The Wabanaki (People of the Dawn) have roots that date back thousands of years in Maine. Four distinct tribes comprise the Wabanaki: the Penobscot, the Passamaquoddy, the Maliseet and the Micmac. Today, each group has a reservation near the headquarters of their tribal government. Maine was the first state to establish a Department of Indian Affairs back in 1965. Ongoing challenges between tribes and the state remain.
The Penobscot are based on Indian Island (population around 600) in the Penobscot River, about 13 miles northeast of Bangor, though the limits of the reservation follows the Penobscot River for many miles. Penobscots have a non-voting representative in the Maine legislature, and they have long been strong advocates for the environment – particularly in recent fights to hold the state accountable for industrial contamination of the Penobscot River by polluting paper mills.
Sadly, there are no fluent speakers of the Abenaki-Penobscot language, as the last native speaker died in the 1990s. However, the elementary school on the island teaches the language as part of the curriculum, in hopes of revitalizing their ancestral language.
The Penobscot are known for their traditional baskets made of sweet grass, brown ash and birchbark. Birchbark is the principal ingredient in their artfully made canoes, which were once the primary means of transportation for the tribe. These are made from white birch trees, and can be crafted in an entirely sustainable manner: if done correctly, the bark can be removed without killing the tree.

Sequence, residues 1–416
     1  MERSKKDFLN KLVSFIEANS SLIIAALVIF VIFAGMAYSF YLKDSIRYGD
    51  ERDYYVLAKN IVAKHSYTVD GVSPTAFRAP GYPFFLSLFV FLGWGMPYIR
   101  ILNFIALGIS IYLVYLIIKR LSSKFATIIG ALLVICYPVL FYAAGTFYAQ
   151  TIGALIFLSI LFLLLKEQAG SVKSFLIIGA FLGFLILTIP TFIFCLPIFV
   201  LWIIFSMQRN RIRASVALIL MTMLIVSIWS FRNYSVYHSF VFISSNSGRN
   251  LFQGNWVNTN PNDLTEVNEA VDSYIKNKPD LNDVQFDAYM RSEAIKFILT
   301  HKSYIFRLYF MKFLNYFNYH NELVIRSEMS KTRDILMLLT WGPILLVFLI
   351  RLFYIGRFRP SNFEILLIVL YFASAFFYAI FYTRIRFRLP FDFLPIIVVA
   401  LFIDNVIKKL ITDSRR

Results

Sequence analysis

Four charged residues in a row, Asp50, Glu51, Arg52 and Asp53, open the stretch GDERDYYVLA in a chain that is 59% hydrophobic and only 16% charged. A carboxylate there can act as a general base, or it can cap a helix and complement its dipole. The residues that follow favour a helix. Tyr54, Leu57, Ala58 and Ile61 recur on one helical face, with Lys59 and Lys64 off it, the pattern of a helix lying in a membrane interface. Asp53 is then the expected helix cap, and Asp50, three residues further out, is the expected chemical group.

The Passamaquoddy tribe numbers just under 3400 members in Maine, with another 200 living in New Brunswick (the St Croix River, the ancestral homeland of the Passamaquoddy, is now part of the US–Canada border). The tribe owns around 200,000 acres of land, about half of which is spread between two reservations: the Passamaquoddy Pleasant Point Reservation and the Passamaquoddy Indian Township Reservation, both in southeastern Maine.
Like the Penobscot, the Passamaquoddy have a nonvoting representative in the state senate. Success in solving longstanding conflicts through political channels has proved limited. The breakdown of tribal–state relations was most evident in 2015 when both the Passamaquoddy and Penobscot withdrew their representatives from the chamber. The problems relate to hunting and fishing rights, the state's lax enforcement of environmental standards and access to the elver fishery in Down East.